Helmholtz Munich researchers revealed a conserved differentiation process with clinical implications for injury repair, identifying a multipotent fibroblast progenitor in the fascia— the deepest connective tissue layer of the skin. These CD201+ fascia progenitors control how quickly wounds heal by making different types of fibroblasts with different spatiotemporal patterns. These findings lay the foundation for modifying single fibroblast differentiation steps along the injury repair pathway to help identify new ways of treating different wound types.

The peer-reviewed research article “CD201+ fascia progenitors choreograph injury repair” was published today in Nature.

One fascia progenitor, two fibroblast gates

Wound healing is a conserved process that requires tight spatiotemporal tuning of consecutive phases. In the inflammatory phase, local signals trigger the innate immune system around the wound. For a wound to heal properly, it must move from the inflammatory phase to the proliferation phase. During this phase, myofibroblasts, a specialized fibroblast, make the wound’s extracellular matrix (ECM). When a wound heals, it goes through a final remodeling phase. During this phase, myofibroblasts make scar tissue that lasts for a long time.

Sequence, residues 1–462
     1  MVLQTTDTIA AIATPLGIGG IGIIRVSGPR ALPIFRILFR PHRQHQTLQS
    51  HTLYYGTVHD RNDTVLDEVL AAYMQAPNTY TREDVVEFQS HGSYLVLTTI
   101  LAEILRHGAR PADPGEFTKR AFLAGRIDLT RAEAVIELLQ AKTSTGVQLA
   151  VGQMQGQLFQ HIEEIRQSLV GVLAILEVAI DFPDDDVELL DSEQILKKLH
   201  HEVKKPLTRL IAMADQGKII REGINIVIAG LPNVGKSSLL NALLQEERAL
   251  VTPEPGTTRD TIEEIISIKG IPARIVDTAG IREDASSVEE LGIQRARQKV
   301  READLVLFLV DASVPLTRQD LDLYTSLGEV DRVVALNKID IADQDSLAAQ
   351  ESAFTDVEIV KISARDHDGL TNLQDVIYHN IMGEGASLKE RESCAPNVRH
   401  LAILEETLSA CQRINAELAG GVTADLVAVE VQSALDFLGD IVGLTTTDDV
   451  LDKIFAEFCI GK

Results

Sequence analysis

Spatial and temporal tuning of tissue inflammation, contraction, and scar formation leads to the best tissue recovery and survival of the organism.

Donovan Correa-Gallegos, Haifeng Ye, Bikram Dasgupta, and their colleagues figured out the lineage progression of cells that help skin wounds heal. They found that CD201+-marked fascia progenitors are at the center of the injury repair process. They used skin injury models in mice, single-cell transcriptomics, genetic lineage tracing, ablation, and gene deletion models to show that changing how CD201+ progenitors differentiated changed how fibroblasts looked and slowed down the healing of wounds over time. 

These CD201+ progenitors give rise to different types of fibroblasts, and two regulatory gates are needed for the wound healing phases to move along at the right time. The first change from fascia progenitors to proinflammatory fibroblasts greatly impacts the first phase of inflammation. When cells change from proinflammatory fibroblast to proto-myofibroblast, the second step is for them to become able to contract. This lets the healing process move from the inflammatory to the proliferation and remodeling phases.

The discovery of proinflammatory and myofibroblast progenitors and their differentiation pathways gives us a new way to look at and treat wounds that do not heal properly. Alterations in this differentiation process could impair wound healing and cause fibrotic scarring.

This new roadmap can inform treatment for specific wound types—such as surgical and keloid wounds and burns—and inflammatory skin diseases.

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